£500,000 investment to fulfil expansion plans for Ocean Matters


Chris Hayward
Investment Executive
Published:
Ocean Matters

Following a significant loan from the Development Bank of Wales, a north Wales company will save salmon farmers millions of pounds a year while simultaneously supporting efforts of superior sustainability practices. 

Ocean Matters, based at Penmon, Anglesey, is using a natural solution to fight the continuing biosecurity challenges associated with the parasites. It breeds lumpfish, a type of cleaner fish that feeds off sea lice and in doing so provides a cleaner growing environment for farmed salmon.  

With the help of a £500,000 loan from the Development Bank of Wales, the company plans to double their current lumpfish production in an effort to meet growing demand. Ocean Matters, which formed in 2015 and started trading towards the end of 2016, have also secured a further loan of £500,000 from HSBC.

Co-founder and director John Callaghan said: “We’ve had great success to date, but the additional investment capital will allow us to not only continue improving existing systems but also support expansion construction that enables us to address the growing needs of our customers,” he said.

“This next expansion round thanks to the support of Development Bank of Wales brings us to a stage of critical mass where we’re going to take on more employees and be in a much better position to meet the demand in the market.”

The problem of sea lice is one that has accelerated with the growth of the salmon farming industry. In the UK, salmon farming began to take off in the 1970s and 1980s, and it is concentrated on the west coast of Scotland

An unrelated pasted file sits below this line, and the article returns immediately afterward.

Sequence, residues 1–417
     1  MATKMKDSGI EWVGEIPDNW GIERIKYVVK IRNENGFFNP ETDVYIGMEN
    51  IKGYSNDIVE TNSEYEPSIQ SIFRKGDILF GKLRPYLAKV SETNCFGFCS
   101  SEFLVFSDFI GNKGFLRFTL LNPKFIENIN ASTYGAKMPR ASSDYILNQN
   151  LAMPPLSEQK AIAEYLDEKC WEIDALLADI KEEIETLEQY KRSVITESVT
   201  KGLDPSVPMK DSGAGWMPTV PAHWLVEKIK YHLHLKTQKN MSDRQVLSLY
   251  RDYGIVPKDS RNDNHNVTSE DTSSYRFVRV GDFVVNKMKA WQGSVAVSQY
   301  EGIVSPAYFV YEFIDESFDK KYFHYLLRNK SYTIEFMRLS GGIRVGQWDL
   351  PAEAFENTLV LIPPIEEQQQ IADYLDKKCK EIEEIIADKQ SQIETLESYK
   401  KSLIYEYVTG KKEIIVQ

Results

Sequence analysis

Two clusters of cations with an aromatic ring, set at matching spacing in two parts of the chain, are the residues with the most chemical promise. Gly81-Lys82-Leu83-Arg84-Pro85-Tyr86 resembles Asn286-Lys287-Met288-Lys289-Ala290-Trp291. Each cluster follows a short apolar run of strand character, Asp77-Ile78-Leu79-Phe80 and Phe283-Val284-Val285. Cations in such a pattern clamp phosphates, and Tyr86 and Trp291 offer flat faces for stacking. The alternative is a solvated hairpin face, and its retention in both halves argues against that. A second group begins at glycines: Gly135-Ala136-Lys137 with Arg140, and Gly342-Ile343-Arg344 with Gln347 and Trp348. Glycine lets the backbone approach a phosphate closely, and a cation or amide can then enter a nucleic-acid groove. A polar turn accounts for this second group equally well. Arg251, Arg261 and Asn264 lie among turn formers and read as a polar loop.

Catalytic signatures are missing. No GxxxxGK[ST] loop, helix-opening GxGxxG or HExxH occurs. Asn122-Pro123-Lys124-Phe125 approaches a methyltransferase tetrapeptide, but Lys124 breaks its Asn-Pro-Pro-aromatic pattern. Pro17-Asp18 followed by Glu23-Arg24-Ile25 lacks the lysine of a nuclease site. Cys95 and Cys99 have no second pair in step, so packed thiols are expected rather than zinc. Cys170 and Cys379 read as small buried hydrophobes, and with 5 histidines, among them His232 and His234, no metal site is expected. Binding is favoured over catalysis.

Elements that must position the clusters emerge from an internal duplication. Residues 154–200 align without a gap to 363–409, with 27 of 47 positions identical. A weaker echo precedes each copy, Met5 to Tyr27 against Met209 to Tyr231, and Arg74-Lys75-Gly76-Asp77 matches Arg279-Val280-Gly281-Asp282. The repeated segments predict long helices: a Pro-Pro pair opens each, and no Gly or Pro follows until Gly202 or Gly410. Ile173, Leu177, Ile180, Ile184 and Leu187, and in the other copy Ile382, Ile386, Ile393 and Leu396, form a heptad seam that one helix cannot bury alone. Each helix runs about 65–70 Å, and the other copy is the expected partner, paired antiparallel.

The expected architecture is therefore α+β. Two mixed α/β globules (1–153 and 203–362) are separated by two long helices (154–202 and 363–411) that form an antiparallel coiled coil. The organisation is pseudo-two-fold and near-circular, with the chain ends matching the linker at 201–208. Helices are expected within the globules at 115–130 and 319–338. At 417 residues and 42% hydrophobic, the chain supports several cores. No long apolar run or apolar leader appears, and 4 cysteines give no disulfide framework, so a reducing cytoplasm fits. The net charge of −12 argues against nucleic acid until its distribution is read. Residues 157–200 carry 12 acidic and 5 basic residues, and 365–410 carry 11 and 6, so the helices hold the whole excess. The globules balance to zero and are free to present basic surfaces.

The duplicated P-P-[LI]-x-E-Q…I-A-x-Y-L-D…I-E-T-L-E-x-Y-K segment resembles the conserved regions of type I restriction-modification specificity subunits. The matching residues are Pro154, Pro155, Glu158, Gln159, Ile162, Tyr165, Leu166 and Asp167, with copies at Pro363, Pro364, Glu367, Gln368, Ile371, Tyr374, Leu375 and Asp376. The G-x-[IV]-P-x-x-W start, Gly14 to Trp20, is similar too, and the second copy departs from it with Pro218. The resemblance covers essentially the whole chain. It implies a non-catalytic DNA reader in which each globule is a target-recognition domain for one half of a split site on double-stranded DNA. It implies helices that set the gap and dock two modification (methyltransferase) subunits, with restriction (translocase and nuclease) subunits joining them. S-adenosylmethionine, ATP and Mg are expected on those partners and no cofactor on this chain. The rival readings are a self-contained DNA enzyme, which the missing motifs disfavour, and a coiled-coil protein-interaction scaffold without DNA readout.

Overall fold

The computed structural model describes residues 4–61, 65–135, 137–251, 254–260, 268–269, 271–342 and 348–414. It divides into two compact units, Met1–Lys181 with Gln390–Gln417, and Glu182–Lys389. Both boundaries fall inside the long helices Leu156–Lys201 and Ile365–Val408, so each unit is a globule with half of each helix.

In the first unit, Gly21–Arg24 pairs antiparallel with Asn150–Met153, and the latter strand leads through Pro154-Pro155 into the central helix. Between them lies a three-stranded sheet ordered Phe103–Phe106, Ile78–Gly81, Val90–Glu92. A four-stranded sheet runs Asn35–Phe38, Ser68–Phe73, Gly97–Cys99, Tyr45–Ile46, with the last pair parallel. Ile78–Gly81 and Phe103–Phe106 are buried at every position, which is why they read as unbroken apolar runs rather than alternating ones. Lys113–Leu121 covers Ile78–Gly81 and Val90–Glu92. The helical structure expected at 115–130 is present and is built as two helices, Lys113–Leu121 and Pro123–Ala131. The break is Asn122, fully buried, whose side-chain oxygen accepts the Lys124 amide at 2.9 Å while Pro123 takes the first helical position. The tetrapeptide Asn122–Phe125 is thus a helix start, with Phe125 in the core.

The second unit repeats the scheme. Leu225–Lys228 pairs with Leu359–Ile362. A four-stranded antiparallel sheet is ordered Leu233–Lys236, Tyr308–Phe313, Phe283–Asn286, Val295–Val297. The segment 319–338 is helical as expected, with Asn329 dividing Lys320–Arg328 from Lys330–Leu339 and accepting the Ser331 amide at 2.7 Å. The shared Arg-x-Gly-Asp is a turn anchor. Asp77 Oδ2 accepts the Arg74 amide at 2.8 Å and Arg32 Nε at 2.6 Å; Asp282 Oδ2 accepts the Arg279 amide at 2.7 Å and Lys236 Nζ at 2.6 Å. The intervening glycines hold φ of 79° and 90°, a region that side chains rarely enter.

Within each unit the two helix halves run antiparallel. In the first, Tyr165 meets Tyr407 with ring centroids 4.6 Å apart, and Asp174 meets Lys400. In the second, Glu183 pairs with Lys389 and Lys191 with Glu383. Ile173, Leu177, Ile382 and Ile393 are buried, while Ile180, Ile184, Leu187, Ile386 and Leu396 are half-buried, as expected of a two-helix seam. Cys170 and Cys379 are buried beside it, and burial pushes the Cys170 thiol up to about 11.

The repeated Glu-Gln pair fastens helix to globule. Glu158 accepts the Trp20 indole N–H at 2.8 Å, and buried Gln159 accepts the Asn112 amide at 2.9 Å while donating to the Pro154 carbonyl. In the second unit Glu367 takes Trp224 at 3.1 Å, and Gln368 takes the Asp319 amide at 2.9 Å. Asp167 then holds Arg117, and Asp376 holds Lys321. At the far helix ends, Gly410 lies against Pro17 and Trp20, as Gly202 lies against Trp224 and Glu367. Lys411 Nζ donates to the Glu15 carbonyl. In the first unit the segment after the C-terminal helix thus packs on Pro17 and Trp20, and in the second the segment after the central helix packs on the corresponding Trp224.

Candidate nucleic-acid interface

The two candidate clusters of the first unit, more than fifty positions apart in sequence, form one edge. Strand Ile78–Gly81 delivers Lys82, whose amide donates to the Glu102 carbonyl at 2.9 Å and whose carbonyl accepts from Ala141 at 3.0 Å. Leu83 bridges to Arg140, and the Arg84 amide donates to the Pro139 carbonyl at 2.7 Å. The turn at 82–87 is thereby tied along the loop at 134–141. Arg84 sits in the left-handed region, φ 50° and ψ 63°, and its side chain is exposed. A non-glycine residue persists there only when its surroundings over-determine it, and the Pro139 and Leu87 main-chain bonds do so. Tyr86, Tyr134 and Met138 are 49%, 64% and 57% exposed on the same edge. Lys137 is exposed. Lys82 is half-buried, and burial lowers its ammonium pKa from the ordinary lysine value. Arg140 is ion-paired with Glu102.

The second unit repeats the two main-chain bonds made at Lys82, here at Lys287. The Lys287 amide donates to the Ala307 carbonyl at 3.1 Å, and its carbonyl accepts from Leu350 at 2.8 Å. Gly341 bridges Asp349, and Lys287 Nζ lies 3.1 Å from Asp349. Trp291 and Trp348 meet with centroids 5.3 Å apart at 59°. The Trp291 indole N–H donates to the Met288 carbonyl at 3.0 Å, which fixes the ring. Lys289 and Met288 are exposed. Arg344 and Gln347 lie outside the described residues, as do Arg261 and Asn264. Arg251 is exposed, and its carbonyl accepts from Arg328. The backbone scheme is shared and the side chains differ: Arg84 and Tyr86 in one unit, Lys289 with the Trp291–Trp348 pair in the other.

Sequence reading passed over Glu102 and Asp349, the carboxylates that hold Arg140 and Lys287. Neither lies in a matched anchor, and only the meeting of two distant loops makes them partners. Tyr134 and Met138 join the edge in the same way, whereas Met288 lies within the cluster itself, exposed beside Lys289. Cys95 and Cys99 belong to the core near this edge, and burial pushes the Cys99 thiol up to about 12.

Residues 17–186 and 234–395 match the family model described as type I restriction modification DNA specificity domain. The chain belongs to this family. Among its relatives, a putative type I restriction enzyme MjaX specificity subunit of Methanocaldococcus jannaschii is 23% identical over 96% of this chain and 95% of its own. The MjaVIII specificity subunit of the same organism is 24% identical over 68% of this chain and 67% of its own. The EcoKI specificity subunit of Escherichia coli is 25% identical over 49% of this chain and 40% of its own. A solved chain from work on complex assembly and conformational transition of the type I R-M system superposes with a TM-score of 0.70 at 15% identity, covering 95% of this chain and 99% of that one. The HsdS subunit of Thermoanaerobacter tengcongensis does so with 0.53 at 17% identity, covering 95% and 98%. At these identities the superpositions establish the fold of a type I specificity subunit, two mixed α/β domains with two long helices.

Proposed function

The high density of fish in farm pens provides a much richer environment for parasites than the open ocean, and as their resistance to more traditionally used pesticides has developed, the complications of dealing with sea lice has increased.

Werner Forster, CEO and Co-Founder of Ocean Matters said: ¨Over time this method has become less effective as the parasites have evolved resistance to the pesticides, coupled with pushback from consumers, as well as objections from those concerned about the negative effects of such treatments on the environment. ¨

As an example of the detrimental effect of sea lice - In 2016 the world’s supply of farmed salmon fell by almost 10 per cent and wholesale prices rose by nearly 50 per cent.

Mr Forster added: “When you have concentrated fish farming practices, you’re going to have parasite problems, it’s the largest issue from a health and biosecurity issue that these farmers face and costs the industry around the world hundreds of millions of pounds a year. It’s not only the cost of treatment, but when a fish dies or needs to be harvested early – the salmon farmers incur all the costs required to growing the fish to that point but also a tremendous loss of revenue due to decreased harvest weights.

John Callaghan expressed his gratitude for the relationship that has been established with the Development Bank of Wales: “They have made a very conscious effort to understand the business, to come out and visit the properties, to speak with the employees and team. I have not seen a level of due diligence like they have performed, and it certainly was of benefit to a young company such as ours. They were able to see the potential.”

The aim of the company as it continues its expansion is to provide a natural solution to the sea lice problem that is already making a difference, for the benefit of fish farmers, consumers and the environment.

“Consumers like it because the fish aren’t being treated with unnecessary medicines and chemical treatments, while the environmentalists prefer a more natural approach to animal welfare. It’s really something that everyone has been supportive as a win-win,” he said.

Chris Hayward, Investment Executive at Development Bank Wales said:

“After meeting the team and visiting the site in Penmon we knew this was an exciting opportunity for the Development Bank of Wales to support the growth aspirations of Ocean Matters.  The company’s passion for battling the historic sea lice plague and their vision for the business really impressed us.”

“Our co-investment with HSBC provides certainty for the company to rapidly get to a critical mass of product so they can meet the growing demand. The investment will also support the company’s mission of being the industry leader in sustainable sea-lice management solutions.”